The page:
Books That Benefit From Amazon's Latest Disruptive Innovation

As a published author and book lover, I am decidedly ambivalent about Amazon's new Kindle Unlimited project. Advertised as the Netflix of books, it offers unlimited access to all Amazon book titles for a single monthly price. For writers fearful that already pitiful royalties will be reduced from dollars-a-book to pennies-a-download, the innovation portends more depressing news for those who live by the written word.

Yet, for certain books the new Amazon model offers great promise. I speak as someone who has written a book that has bedeviled marketing experts because it is incredibly relevant for one particular time in life, but almost impossible to reach the reader at that particular time. My book Why Jury Duty Matters: A Citizen's Guide to Constitutional Action is the first book written for jurors on jury duty. You might think that with over 30 million Americans receiving a jury summons every year that some percentage of that population might like to educate themselves on this important and unfamiliar subject. But, how do you reach potential readers/jurors when the information is most relevant? How to you advertise to an ever-changing, moving target of an audience? Perhaps more practically, how do you reach "e-readers" as they sit bored in the jury waiting room wondering why America chose this amazing, but not very well understood system for deciding cases? If my book sales are any answer, you don't, because the potential reader does not know about the book at the right time.

The same reality goes for lots of other "need now" books. Your daughter just turned two and you need that book on handling "the terrible twos." You didn't need that book before. You won't need it after, but you need it at a particular and predicable time in life. You just landed in Iceland for a vacation, and you want to learn about the best writers of Iceland. Again, you need it now, when it is relevant, and you probably (no offense to Icelandic writers) might not need it in the future.

What Kindle Unlimited offers, thus, is not simply a lot of books, but Amazon's other big asset - the predictive capabilities to anticipate when you might need a particular book. Amazon is the company, after all, that advertised it could send you items you wanted before actually ordered them based on your predictive pattern of purchases. Amazon (and other big data companies) are collecting all sorts of personal information about you to map these predictive patterns. If you have a one year old, in a year you will need that book on the terrible twos (really in eight months, but...). If you start googling travel tips in Iceland, purchase that Icelandic guidebook, and your mobile GPS shows you are in Iceland, the time is now.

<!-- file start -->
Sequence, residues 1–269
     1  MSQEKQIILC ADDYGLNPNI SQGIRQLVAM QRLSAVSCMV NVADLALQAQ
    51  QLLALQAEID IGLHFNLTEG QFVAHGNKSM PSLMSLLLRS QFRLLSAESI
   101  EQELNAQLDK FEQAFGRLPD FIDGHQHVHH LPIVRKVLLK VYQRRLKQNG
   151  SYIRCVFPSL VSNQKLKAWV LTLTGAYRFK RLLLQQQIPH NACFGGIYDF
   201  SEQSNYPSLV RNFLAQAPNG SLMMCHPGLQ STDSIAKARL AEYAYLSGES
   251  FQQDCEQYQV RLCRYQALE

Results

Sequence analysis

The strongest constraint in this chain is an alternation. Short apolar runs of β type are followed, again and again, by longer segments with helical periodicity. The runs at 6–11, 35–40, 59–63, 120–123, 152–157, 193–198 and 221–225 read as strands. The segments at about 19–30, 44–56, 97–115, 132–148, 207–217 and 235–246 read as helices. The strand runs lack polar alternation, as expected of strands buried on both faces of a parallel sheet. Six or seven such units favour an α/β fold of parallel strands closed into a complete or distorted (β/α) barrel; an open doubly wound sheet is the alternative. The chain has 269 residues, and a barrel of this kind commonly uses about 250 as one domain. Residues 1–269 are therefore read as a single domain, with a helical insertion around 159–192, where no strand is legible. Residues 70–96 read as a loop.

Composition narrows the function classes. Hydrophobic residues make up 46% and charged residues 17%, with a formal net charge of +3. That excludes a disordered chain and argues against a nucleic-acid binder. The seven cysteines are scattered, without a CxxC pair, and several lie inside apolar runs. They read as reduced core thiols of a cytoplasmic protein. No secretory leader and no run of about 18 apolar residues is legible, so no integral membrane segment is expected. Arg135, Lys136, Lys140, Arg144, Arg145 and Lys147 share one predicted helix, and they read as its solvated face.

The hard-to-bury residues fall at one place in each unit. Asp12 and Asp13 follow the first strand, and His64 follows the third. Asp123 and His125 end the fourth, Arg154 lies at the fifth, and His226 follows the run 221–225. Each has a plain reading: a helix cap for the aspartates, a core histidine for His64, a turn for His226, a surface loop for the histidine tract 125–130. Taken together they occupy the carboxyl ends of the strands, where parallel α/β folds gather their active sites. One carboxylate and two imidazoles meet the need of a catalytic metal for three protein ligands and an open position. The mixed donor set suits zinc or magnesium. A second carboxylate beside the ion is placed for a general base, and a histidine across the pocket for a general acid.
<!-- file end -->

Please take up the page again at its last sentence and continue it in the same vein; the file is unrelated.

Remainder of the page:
The "need now" genre of books, thus, may well gain a certain advantage if Amazon can link its predictive capabilities to those book titles. Big data knows a lot about our interests, needs, and life events. Predicting what books we might need at those times in life will offer consumers a real benefit that they do not necessarily get in a system where cost and information barriers to knowing what books exist prevent easy access. If Amazon can figure out a way to predict and push Kindle Unlimited readers to those otherwise buried books at the right time, it might well generate new readers and new sales.

That a silver lining exists in an otherwise disruptive technology may not be very comforting to serious writers who write not because someone needs information, but because of the intrinsic merit of literary genius, historical knowledge, or political understanding (among other worthy genres). A "need now" list of literary brilliance (or even summer beach books) will not compensate for the loss of book sales under the traditional model. As has been the case with Pandora and Spotify in the music business, a benefit for consumers may be economically disastrous for artists. Writers and publishers should rightly be wary of "precision book selling," and vigilant about protecting the incentives that allow literature for literature's sake to flourish.

But, as pundits, technologists, and economists debate the merits of Kindle Unlimited, there are some positives to the disruption. Certain books, long buried among the stacks, and never really available in bookstores, will rise up at the right time because some algorithm knows you need to read it now. A few more books will reach readers at a time most likely to be read. Maybe some jurors will even learn why jury duty matters.

The key will be how Amazon goes about linking its predictive big data technology to its book list. This strategic decision will determine whether Kindle Unlimited adds relevant information to the reading public or simply undercuts the market for virtual and brick and mortar bookstores. Hopefully, the visionaries at Amazon will focus their predictive wizardry on adding educational value, expanding access, and making books relevant, as they continue to redesign the national market for books.